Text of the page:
written by Kara Long from ideas shared by NCA Adoptive Families

Preparing for a Frozen Embryo Transfer

 

You have decided you want to pursue embryo adoption and have completed all the necessary steps. You have chosen an agency, filled out an application, completed the home study, have been matched with embryos, finalized the contract, and had the embryos shipped to the clinic!

Now you are super excited to get to the fun part, right? The day of your long awaited frozen embryo transfer (FET)! However, you may have to wait just a little bit longer before that special day.

Your clinic may require some preliminary tests before you are ready to begin preparation. Once you have been medically cleared, then you are ready to start the prep work!

First, you will typically begin birth control, followed by an ultrasound to make sure the lining of the uterus is thin and blood work to check hormone levels. Then, your reproductive endocrinologist will prescribe estrogen pills to build up the uterine lining, followed by another ultrasound and more blood work. (Some REs may even allow you to complete a natural cycle transfer with no birth control or medications. Talk with your clinic to see if this is a possibility for you!) REs have an “ideal” thickness that they like to see the uterine lining before they proceed with an FET, but don’t be discouraged if your lining is not within that range! Many women, including myself, have gone on to do transfers with a lining that was not considered optimal and had a successful pregnancy!

About five days before your scheduled FET, you will begin taking progesterone in oil injections each day. It is not the most fun, but so worth it once you see that positive pregnancy test! I would recommend warming the oil with a heating pad or by rubbing it between your hands before you start. It also helps to sit on a heating pad for a few minutes before the injection, as this will help prevent lumps under the skin. Massaging the injection site immediately afterward can help prevent those lumps, too. Switching injection sides each day is recommended, so you do not get too sore on one side.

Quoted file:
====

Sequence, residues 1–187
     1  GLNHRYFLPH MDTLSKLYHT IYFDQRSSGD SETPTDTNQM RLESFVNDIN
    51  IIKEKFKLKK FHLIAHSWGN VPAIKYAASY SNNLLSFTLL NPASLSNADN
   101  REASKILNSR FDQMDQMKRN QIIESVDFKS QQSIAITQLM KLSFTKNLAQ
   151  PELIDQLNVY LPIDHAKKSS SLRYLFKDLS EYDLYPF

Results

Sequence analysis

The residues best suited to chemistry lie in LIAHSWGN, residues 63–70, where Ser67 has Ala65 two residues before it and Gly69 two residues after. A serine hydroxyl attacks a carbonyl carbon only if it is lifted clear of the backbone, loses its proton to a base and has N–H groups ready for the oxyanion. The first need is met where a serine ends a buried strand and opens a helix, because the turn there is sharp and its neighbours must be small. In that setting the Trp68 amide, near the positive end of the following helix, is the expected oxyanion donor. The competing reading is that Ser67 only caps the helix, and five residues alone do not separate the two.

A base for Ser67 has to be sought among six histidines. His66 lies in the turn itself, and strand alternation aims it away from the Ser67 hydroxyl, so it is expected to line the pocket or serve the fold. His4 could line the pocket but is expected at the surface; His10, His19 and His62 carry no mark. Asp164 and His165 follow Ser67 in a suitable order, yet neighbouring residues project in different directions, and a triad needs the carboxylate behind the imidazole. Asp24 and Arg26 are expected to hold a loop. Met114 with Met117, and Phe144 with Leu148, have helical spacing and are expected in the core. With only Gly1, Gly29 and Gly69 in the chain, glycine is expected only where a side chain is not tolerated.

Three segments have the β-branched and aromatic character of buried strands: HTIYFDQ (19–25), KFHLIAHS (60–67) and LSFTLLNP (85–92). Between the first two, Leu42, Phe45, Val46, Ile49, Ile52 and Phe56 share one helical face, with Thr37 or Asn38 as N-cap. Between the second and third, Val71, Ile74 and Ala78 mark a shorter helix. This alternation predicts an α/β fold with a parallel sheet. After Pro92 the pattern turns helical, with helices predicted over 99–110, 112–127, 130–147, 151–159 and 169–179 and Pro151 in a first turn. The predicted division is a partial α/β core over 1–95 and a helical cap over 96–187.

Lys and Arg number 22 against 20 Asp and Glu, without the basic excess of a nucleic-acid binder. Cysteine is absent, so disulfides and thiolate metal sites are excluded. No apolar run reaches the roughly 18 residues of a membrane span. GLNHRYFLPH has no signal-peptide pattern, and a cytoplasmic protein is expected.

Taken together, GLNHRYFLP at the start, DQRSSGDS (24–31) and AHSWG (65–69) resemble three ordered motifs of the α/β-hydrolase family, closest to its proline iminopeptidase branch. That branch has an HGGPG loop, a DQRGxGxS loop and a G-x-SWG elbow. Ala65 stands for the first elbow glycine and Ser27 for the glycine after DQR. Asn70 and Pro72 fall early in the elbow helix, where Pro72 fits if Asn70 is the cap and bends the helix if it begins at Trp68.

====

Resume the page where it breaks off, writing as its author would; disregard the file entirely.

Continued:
The day of the FET is really quite simple and easy compared to everything else leading up to it! You will come to the office with a full bladder (yes, really), get changed in to a medical gown and hairnet, and the doctor will perform the FET using a small catheter. You get to watch the embryo get implanted right there on the ultrasound!

At this point you are done! Try to keep busy and focus on other things during the two week wait for the pregnancy test. You will continue the progesterone in oil injections for those two weeks after your FET and continue them for several weeks after if you have a positive pregnancy test.

You got this, mama! And if your FET resulted in a negative pregnancy test, you are strong and courageous for giving those little embryos a chance at a full life!

 

-An Embryo Adoptive Mama

For more information, please visit Snowflakes.org

What I Wish You Knew: A Birthmom Testimony

I grew up having a fairytale idea of how my life would turn out. I was going to be happily married, a stay at home mom with 6 children, I would have a huge yard with a tire swing and life would be perfect. In reality, I was married… and divorced. Twice. I was blessed with being a stay at home mom for 10 years to 5 amazing children.

 

One of the most important things to me as a mom was to be involved with my kids and provide them with a safe, loving, fun and comfortable home life and to be available to them as much as possible. That became more challenging after becoming a single mom with joint custody and needing to go to work to provide for them. The circumstances were far from perfect, and there were ups and downs, but I worked jobs that allowed me to be home with them when they weren’t at school and I was able to attend most of their school and sporting events. Being a mom, in my opinion, is the most important ‘job’ ever and I always wanted to be the best at it, but I made many mistakes along the way. One of the biggest mistakes I made was not showing them the importance of putting God first. I ‘believed’ in God and I had been ‘saved’, but I had not invited God to be a part of my life. I wanted to live a life pleasing to God, but I still wanted to be in control and do things my way.